(Pic above - Barra)
I had a very interesting conversation last weekend with someone I'd only 'met' online - like me, very into Ulster-Scots history - and researching her MacNeill / McNeill roots. We talked for a long time, including about John McNeill the preacher known as 'The Scotch Spurgeon' whose father was from Lisnagunoge near Bushmills in North Antrim. She's now arranging to take her father to Inverkip on the west coast of Scotland to visit McNeill's grave - I located it a few years ago and took plenty of reference photographs to enable it to be found again one day.
The accepted wisdom is that the McNeills / MacNeills were a Gaelic clan who lived in the Western Isles of Scotland - Barra in particular - and migrated back and forth to the north of Ulster, helping to establish a shared culture on both sides of the water. They are said to have descended from Irish hero Niall of the Nine Hostages:
'... Niall of the Nine Hostages, whose dynasty dominated Ireland between the 5th and 10th Centuries, got his name from taking hostages as a strategy against his opponent chieftains. The King, who died in 405AD, was the founder of the longest and most powerful Irish royal dynasty and known by some as the greatest king that Ireland ever knew...'
That's a common story, and easy to accept due to the way history is often told.
Until DNA ancestral research came along that is. A study by Professor Alex Buchanan at the University of Tasmania, of hundreds of people around the world all descended from Barra's McNeills, has found that every one of them is actually of Viking descent.
Here is an article on HeraldScotland, the original source for the Niall of the Nine Hostages excerpt above.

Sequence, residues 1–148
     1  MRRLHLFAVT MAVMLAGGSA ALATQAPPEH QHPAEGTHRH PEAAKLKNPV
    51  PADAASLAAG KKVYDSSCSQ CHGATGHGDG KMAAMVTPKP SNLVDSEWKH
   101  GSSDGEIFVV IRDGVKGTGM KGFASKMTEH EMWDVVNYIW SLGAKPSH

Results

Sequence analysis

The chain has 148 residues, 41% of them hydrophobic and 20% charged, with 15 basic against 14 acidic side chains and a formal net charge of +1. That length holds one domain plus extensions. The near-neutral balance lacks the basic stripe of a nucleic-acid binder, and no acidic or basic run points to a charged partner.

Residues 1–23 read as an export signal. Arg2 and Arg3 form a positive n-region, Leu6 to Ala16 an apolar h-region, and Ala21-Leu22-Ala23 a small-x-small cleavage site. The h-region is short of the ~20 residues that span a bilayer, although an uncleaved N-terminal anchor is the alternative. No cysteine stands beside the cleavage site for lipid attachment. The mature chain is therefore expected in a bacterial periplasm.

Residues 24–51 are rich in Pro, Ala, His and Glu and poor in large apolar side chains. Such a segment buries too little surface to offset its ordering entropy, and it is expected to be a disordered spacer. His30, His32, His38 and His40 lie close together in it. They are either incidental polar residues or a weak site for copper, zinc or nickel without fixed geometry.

Stephen McNeil, the Premier of Nova Scotia in Canada seems a bit unhappy about the revelation and has insisted upon his Irishness. Other McNeils - in true online outrage fashion - are said to be 'devastated' and have resorted to large quantities of whiskey to drown their sorrows. Here is another Canadian article.
What does this mean?
Well, as I have blogged about before, Viking ancestry seems surprisingly common, my own DNA ancestry has revealed exactly the same, and as DNA studies continue I do think that 19th century ideas of (nationalistic) identity will be rethought and rewritten. Genetics and culture are not the same thing though - genetics are as ancient as humanity, whereas culture changes and shifts over the centuries through human influence. There is no 'pure' anything.
But then there is this. You want social equality? Here it is, one of Scripture's great democratic levellers.
"And hath made of one blood all nations of men for to dwell on all the face of the earth" - Acts 17 v 26
PS: the Dublin Penny Journal of 28 September 1833 that the Irish O’Neills had come to Ireland from the Orkneys in the 9th Century, descended from Belus, who was King of the Orkneys before the birth of Christ. Originally their name was O’Nial of Hy Nial, meaning ‘chief’ or ‘prince’. Online here - similar to an article which appeared in the Belfast Monthly Magazine of 1812 which is online here and also in PD Hardy's The Northern Tourist of 1830 online here. Maybe more of Ireland is Viking than we are allowed to know.